KBB-Forum 2012 , Cilt 11 , Sayı 2


1Ünye Devlet Hastanesi, KBB, Ordu, Türkiye
2Dışkapı Yıldırım Beyazıt Eğitim ve Araştırma Hastanesi, KBB, Ankara, Türkiye
3Siirt Devlet Hastanesi, KBB, Siirt, Türkiye


Yüz felci nedeniyle bir çok sorun yaşayan hastaların tedavilerinde bir çok algoritma mevcuttur. Medikal tedaviye cevap vermemiş hastaların tedavilerinde fasyal reanimasyon teknikleri düşünülmelidir. Statik yüz askılama yöntemleri doğru zamanlamayla ve doğru hastaya yapıldığında çok olumlu sonuçlar vaad eder. Çalışmamızda kendi hastamızdan yola çıkarak alternatif statik yüz askılama yöntemlerini derledik ve kendi uyguladığımız yöntemi tarif ettik.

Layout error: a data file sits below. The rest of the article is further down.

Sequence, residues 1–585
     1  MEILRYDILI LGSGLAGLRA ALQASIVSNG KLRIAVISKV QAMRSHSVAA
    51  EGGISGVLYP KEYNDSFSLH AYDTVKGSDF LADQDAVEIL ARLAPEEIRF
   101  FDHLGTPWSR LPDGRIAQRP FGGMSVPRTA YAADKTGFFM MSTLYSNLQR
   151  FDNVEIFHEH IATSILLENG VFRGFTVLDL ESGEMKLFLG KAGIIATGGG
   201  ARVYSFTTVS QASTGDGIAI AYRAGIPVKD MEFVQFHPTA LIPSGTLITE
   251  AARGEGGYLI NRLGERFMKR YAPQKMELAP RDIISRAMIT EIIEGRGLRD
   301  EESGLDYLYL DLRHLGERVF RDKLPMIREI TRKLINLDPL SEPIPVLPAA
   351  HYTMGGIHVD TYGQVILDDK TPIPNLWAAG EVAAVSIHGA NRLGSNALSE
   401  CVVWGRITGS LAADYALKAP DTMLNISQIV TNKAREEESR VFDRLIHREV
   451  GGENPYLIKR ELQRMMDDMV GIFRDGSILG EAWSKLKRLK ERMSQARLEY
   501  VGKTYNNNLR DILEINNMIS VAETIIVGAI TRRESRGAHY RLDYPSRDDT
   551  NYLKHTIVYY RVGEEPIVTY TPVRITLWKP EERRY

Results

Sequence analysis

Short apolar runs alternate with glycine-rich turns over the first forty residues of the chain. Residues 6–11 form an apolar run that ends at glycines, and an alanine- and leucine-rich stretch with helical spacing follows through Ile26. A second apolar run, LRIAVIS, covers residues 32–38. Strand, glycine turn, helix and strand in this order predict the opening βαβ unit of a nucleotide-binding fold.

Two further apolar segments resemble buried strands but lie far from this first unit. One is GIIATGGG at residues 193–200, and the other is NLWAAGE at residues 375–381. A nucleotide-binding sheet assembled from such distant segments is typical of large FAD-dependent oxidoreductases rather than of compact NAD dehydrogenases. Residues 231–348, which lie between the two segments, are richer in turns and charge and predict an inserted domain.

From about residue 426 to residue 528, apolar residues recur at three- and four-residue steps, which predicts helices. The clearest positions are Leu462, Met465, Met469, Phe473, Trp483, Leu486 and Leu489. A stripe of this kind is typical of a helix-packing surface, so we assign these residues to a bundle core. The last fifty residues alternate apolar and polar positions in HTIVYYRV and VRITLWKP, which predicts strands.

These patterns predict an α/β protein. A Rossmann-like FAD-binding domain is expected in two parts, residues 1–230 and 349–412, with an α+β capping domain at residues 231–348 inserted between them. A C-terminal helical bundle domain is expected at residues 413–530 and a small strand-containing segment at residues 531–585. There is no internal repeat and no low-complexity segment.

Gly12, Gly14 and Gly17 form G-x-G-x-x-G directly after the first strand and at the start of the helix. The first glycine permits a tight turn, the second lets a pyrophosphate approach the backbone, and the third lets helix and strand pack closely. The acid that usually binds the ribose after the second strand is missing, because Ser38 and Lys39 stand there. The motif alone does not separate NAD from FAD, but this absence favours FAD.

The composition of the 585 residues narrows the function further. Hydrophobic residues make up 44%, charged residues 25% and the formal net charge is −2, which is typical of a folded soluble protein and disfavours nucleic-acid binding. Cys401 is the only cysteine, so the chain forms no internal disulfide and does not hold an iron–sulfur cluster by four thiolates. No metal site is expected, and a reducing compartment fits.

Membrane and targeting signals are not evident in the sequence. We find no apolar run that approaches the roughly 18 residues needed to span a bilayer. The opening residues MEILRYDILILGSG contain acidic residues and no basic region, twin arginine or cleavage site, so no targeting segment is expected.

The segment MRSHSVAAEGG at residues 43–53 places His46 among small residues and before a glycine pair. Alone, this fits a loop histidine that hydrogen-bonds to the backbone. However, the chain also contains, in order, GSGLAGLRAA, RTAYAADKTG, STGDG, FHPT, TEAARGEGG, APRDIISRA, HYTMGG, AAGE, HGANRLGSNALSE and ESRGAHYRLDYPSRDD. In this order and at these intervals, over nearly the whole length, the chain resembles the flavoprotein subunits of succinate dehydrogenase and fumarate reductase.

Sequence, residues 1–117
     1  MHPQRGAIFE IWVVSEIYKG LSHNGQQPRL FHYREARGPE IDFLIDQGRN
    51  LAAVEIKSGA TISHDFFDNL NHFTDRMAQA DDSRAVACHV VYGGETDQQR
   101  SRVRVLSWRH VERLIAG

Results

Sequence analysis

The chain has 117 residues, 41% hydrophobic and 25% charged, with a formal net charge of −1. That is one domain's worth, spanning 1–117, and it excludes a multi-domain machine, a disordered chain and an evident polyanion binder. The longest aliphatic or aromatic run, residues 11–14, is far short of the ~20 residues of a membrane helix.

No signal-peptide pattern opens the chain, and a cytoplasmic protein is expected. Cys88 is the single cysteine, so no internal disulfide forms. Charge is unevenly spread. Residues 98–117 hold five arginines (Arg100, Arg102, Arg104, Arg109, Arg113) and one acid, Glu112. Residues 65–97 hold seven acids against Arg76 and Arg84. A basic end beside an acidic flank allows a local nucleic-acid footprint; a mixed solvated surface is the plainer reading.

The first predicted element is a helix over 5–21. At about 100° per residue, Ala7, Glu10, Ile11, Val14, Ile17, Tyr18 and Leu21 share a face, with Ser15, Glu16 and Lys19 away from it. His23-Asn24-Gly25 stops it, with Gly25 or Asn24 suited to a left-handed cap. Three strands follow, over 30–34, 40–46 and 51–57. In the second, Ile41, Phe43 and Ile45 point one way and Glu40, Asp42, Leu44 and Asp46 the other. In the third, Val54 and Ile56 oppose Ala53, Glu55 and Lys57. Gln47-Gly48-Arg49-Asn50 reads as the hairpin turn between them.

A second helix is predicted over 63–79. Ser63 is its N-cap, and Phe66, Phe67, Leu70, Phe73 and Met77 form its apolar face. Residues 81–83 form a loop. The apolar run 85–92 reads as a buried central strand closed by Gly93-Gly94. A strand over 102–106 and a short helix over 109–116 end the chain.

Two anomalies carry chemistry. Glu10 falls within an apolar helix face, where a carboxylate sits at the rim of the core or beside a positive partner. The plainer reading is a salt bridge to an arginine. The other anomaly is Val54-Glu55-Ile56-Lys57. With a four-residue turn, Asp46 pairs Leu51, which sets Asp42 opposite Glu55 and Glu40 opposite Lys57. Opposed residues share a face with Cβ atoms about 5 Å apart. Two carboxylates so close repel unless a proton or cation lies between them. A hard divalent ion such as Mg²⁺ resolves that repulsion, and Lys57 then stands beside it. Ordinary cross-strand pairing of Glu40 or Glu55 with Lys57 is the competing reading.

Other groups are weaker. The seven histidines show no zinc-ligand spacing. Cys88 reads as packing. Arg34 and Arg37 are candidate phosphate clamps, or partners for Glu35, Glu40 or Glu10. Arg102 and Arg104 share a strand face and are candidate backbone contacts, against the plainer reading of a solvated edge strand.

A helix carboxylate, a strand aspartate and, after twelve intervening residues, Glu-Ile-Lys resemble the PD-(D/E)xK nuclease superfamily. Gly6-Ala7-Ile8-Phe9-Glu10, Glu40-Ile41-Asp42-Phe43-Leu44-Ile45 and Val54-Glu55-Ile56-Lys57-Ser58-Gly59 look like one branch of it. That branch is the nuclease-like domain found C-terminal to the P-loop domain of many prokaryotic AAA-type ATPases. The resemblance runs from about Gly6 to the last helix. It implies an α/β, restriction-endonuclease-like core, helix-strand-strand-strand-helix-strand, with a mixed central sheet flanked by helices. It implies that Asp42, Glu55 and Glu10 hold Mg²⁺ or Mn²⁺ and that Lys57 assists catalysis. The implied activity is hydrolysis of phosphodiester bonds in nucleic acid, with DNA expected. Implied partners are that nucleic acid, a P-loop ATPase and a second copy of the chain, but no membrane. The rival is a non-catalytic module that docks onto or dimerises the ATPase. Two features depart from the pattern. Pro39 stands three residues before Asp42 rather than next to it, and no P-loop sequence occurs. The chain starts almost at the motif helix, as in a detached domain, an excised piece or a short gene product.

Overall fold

The facial nerve is responsible for emotional and voluntary facial expression, protection of the eye, lacrimation, oral competence, salivation, taste and sensation. Unfortunately, the facial nerve is the most commonly paralyzed nerve in the human body.[1] Paralysis of the facial nerve is considered to be one of the most devastating of the cranial nerve lesions, due to the clinical, aesthetic and psychological impact it has on patients' lives. The overall effect of facial paralysis on static and dynamic facial appearance, verbal and nonverbal communication, functional issues such as ocular dryness and epiphora, oral incompetence, poor salivation, loss of taste, nasal obstruction, and the resultant impairment in the patient's self-image results in significant global disability, and many patients withdraw from their normal lives. The etiologic factors of facial nerve paralysis are classified under the categories of: birth, neurologic trauma, infection, metabolic, neoplastic, toxic, iatrogenic and idiopathic, and the four most common causes are: trauma, Bell's palsy, iatrogenic, and idiopathic.[2] The history and physical examination are directed to identify the cause and topographic location of the injury as well as the degree of injury. Electromyography (EMG) plays a central role in the evaluation of the patient. EMG allows a prognostic evaluation on the probability of spontaneous healing. Magnetic resonance imaging (MRI) is a preferred method of choice in order to localize a lesion of the facial nerve in the brain stem, the cerebellopontine angle and in the intratemporal course of the nerve. It also helps to determine the mimetic muscle volume and fibrosis. After electrodiagnostic studies and imaging studies have been obtained, the surgeon is faced with decision of when and how to proceed with facial reanimation.